Buddhism in Vietnam

Buddhism in Vietnam

Among more than 94 million Vietnamese of all 54 minority groups, Buddhism is the most practiced religion. There are two types of different versions of Buddhism in Vietnam that vary in North and South Vietnam. Buddhists often go to pagodas to worship and pray in both north and south. Vietnam’s major ethnic group, the Việt, live mainly in tens of thousands of villages in the plains. These villages, the nation’s repositories, each have one or two Buddhist pagodas.

Differences between temples and pagodas 

A pagoda comprises a central building and several dependences. The central building is in the shape of a reversed “T” in which the hall of ceremonies ( bái đường) makes up the horizontal portion and the principal sanctuary ( chính điện or tam bảo), the vertical. The principal sanctuary houses the idols of the pantheon of Mahayana Buddhism (School of the Great Vehicle), widely practiced in Vietnam, China, Japan, and Korea. The most common are those of A Di Dà ( Amitabha, Buddha of the infinity light ), Thích Ca ( Shakyamuni the historic Buddha ), Di Lặc (Maitreya, Buddha of the future), and Quan Âm ( Kuan Yin, Goddess of Compassion). Noteworthy is that Buddhism is an atheist religion for its metaphysical nature and does not admit the existence of divinities- everything is only Maya or illusion. Thus, originally, it denounced all forms of idolatry.

Besides the central building, the pagoda also has a Chapel Room of the Patriarchs (Nhà Tổ). Worshipped here are patriarchal bonzes who lived in the pagoda. However, there is always an idol or a picture of a patriarchal with a collar beard and brozen complexion. Who is he? The “chư bà” (female celery) and the “lam già” (old faithful) – pagodas are often visited by the aged- are at a loss for the answer.

The bearded patriarch is in fact the Indian Bodhi dharma called “ Bồ đề Đạt Ma” in Vietnamese. His presence is rather curios on an altar where the rest are Vietnamese patriarchs. The common man somehow feels closer to Buddhas who fill the central building because they, despite their Indian origin, appear more Sinised, more Vietnamese than “Tổ Tây” or Western patriarch, as he is known.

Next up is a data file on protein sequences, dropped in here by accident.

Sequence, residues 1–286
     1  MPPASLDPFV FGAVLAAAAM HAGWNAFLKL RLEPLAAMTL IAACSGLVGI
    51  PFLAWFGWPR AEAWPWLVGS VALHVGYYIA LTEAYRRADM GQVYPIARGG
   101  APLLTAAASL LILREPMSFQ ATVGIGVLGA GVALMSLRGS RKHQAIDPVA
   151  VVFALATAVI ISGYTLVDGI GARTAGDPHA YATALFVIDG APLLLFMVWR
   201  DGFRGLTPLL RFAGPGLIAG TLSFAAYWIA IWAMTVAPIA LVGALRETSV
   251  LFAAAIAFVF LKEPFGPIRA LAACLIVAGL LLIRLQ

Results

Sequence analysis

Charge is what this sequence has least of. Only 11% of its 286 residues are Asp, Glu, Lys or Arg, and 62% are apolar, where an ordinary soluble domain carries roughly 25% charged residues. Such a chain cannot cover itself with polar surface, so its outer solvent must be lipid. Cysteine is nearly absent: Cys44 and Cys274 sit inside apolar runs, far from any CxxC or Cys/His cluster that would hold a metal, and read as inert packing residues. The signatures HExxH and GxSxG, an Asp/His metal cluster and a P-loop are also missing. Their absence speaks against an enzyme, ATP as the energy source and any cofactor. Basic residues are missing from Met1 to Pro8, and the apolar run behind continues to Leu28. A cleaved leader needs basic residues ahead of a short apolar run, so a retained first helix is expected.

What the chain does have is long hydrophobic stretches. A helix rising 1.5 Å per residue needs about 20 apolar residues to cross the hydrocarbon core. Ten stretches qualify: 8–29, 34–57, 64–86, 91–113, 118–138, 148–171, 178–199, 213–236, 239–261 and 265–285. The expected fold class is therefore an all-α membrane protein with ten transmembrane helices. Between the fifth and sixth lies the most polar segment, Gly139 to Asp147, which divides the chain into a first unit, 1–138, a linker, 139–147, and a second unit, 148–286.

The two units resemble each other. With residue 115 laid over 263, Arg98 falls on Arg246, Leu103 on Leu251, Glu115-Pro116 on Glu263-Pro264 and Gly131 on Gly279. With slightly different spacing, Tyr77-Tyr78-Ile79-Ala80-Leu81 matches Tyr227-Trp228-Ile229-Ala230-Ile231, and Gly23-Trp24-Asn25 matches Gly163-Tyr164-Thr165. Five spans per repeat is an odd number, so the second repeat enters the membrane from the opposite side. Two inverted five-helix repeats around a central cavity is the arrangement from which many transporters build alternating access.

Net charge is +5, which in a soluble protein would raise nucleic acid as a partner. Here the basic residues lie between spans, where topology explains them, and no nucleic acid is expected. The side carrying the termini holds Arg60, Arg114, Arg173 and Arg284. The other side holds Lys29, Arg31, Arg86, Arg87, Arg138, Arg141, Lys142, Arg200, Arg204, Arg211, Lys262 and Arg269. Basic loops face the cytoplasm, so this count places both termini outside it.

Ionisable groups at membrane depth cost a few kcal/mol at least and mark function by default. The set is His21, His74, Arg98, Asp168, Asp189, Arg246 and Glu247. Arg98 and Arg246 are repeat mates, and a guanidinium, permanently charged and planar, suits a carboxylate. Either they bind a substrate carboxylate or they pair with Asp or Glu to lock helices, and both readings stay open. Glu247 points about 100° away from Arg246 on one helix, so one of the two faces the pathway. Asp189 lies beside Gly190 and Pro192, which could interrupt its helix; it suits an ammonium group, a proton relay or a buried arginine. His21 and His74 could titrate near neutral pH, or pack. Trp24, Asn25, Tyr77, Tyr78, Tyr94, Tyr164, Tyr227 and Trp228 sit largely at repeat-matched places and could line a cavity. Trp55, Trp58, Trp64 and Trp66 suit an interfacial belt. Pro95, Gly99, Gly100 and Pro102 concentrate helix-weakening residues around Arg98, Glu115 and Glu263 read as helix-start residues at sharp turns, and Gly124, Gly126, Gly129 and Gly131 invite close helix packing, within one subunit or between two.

Bodhiharma ( 470- 543) was an Indian Buddhist master, founder of the Chinese Chan ( Thiền in Vietnamese, Zen in Japanese, and Dhyana in Sanskrit), and the 28th patriarch after Shakyamuni. A scion of a Brahmin royal dynasty in South India, he left for Canton in China when he was 60, at the bidding of his master Prajnadhara.

He was a guest of Emperor Wu Ti of the Liang dynasty in Nankin. Wu Ti was an adept propagator of Buddhism. However, discerning that the ruler was not yet ready for the doctrine, Bodidharma crossed the Yangtse on a leaf, according to legend, went north, and took up residence at Shaolin monastery. He spent 9 years meditating in front of a wall before finding the way of Chan ( Thiền or Zen).

Thiền ( Chan or Zen) is a mixture of Indian Buddhism’s Dhyana and Chinese Taoism. Chan meditation is a concept drawn from the philosophic and religious thoughts of ancient India, but shaped by the Chinese school of Bodidharma, which was heavily influenced by the Sutra ( religious book) Lankavatara. The Chan school of Bodidharma teaches the immanence of the Buddha and techniques to attain Enlightenment; it advocates the transcendence of the intellect. Communication between master and disciple, and contemplation until Enlightenment .

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